Some 300 Palestinian activists descended on a cluster of palm trees and long-abandoned houses north of the Dead Sea last Friday to establish the protest village of ‘Ein Hijleh.’ The aim of the action was to protest demands made by the Israeli government to retain control of the Jordan Valley and other settlements in the midst of current peace negotiations. The action is the first in a campaign of protest villages activists termed ‘Melh Al-Ard’ (Salt of the Earth).
The Palestinian protest village known as Ein Hijleh continued into its fourth day in the Jordan Valley despite episodes of harassment and intimidation by Israeli forces. Mid-morning, Israeli officers briefly entered the camp and then left, leading activists to speculate that they were gauging their numbers for eventual forced evacuation. Military patrols and checkpoints also challenged and sometimes detained those entering and exiting the site–a collection of abandoned buildings now occupied by Palestinian activists in protest of Israeli government demands to retain the Jordan Valley in current U.S.-led peace negotiations. However, residents and local officials from nearby Jericho managed through various means to deliver food and water to those still encamped there.
Haaretz reported earlier this month that Prime Minister Benjamin Netanyahu said he "did not intend to uproot any Israeli citizen" from the West Bank and doubled down on his insistence to hold onto the Jordan Valley amid peace talks brokered by U.S. Secretary of State John Kerry.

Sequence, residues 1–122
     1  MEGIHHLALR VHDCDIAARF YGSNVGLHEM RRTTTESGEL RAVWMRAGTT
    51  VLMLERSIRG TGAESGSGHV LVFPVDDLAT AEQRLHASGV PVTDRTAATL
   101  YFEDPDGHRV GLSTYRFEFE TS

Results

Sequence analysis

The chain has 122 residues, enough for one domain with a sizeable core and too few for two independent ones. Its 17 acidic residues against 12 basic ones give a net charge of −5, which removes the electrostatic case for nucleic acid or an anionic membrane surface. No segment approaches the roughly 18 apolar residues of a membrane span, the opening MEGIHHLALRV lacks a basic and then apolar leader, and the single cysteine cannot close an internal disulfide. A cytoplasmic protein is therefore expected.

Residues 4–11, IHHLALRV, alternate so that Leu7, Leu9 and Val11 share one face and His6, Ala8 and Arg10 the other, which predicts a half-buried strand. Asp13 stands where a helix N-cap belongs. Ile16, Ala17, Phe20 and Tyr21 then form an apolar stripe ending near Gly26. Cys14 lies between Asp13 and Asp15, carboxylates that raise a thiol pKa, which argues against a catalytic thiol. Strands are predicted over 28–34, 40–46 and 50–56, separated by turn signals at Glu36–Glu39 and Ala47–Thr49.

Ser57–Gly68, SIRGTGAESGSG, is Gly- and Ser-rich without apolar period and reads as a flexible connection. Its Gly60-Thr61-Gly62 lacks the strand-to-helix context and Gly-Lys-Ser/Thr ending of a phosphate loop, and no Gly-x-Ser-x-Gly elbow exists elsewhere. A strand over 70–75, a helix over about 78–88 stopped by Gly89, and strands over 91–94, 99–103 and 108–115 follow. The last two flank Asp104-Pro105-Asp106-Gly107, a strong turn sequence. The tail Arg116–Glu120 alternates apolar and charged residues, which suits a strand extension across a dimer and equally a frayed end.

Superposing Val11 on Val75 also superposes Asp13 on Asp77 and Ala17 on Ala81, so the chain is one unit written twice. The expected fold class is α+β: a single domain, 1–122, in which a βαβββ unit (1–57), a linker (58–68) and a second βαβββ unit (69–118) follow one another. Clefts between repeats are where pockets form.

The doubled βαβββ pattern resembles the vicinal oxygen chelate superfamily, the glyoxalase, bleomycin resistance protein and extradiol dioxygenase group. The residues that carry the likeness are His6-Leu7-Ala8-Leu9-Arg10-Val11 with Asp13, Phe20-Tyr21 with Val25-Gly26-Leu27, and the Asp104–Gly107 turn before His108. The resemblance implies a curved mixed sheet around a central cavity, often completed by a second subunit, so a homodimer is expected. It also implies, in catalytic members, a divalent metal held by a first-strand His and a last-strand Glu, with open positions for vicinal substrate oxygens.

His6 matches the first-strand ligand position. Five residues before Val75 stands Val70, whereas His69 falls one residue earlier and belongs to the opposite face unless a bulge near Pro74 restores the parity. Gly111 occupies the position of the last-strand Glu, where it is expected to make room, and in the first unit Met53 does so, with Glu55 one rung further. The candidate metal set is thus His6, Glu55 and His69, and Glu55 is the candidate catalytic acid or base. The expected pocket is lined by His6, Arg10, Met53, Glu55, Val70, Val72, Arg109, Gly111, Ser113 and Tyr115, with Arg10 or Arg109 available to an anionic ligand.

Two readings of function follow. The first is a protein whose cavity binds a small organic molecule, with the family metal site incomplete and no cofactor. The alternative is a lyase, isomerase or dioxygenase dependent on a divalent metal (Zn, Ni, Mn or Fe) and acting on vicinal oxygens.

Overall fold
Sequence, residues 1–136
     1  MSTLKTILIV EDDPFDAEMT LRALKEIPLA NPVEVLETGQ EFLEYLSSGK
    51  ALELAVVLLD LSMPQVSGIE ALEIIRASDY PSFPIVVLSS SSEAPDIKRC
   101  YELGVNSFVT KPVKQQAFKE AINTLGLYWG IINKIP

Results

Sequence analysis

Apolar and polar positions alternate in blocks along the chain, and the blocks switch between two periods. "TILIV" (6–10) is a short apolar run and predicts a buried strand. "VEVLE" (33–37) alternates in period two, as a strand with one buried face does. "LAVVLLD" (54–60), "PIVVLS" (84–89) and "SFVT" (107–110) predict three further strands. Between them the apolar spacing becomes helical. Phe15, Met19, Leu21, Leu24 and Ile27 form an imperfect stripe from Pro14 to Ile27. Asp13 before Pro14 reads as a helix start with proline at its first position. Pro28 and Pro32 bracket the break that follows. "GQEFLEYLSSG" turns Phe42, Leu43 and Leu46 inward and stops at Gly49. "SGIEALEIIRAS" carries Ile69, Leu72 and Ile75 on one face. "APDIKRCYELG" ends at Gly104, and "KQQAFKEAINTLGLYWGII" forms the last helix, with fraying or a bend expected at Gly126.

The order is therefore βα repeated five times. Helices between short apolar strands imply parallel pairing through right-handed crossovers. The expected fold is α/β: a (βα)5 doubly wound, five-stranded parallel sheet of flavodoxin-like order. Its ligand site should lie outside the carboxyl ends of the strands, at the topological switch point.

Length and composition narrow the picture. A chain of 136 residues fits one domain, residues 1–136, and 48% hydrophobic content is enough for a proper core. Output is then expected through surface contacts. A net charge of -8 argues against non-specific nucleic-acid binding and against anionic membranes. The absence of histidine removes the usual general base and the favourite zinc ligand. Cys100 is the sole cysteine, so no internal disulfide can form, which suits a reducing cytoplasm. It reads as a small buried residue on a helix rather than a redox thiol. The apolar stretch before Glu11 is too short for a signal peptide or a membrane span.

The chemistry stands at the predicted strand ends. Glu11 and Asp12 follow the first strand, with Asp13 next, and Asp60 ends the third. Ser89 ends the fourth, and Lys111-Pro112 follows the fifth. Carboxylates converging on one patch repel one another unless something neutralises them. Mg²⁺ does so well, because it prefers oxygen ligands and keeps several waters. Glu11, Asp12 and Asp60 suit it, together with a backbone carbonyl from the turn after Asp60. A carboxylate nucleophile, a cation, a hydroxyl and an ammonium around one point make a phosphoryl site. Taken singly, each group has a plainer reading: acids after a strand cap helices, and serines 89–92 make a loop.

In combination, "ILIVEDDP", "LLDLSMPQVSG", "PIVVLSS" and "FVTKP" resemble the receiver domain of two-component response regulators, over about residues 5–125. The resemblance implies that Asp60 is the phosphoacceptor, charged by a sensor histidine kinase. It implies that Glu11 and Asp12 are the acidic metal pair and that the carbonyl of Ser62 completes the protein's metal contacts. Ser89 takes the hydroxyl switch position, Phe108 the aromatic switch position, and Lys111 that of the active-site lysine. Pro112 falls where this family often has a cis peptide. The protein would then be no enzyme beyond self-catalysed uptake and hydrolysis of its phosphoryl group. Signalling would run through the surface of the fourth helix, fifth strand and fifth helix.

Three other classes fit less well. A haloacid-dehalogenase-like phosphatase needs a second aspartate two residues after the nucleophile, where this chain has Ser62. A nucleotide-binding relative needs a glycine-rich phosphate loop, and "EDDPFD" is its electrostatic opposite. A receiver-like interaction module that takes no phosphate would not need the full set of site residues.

According to the Popular Struggle Coordinating Committee, which organized the action in Ein Hijleh: "Ein Hijleh village is located in what is called 'Area C' in the Jordan Valley, which is under threat of annexation by Israeli policies and Kerry’s plan. Therefore, we have decided to take charge and call for a national action to protect the Jordan Valley and put an end to the constant Judaization of Palestinian lands."
Last year, Palestinian activists erected a massive protest village named Bab al-Shams in the E1 area near Jerusalem to protest the threat of Israeli settlements and annexation there. A month later, activists built a shorter-lived protest village named Al-Manatir, near the West Bank village of Burin.
In addition to Israeli settlements, the Jordan Valley has been the site of numerous demolitions of Palestinian homes by Israeli authorities recently, including entire villages. On Thursday, demolitions in the Jordan Valley community of Ein el-Helwe displaced 66 people, including 36 children.
"I am deeply concerned about the ongoing displacement and dispossession of Palestinians," said UN humanitarian coordinator James Rawley, noting that in the Jordan Valley, "the number of structures demolished more than doubled in the last year."
The above was originally published at +972mag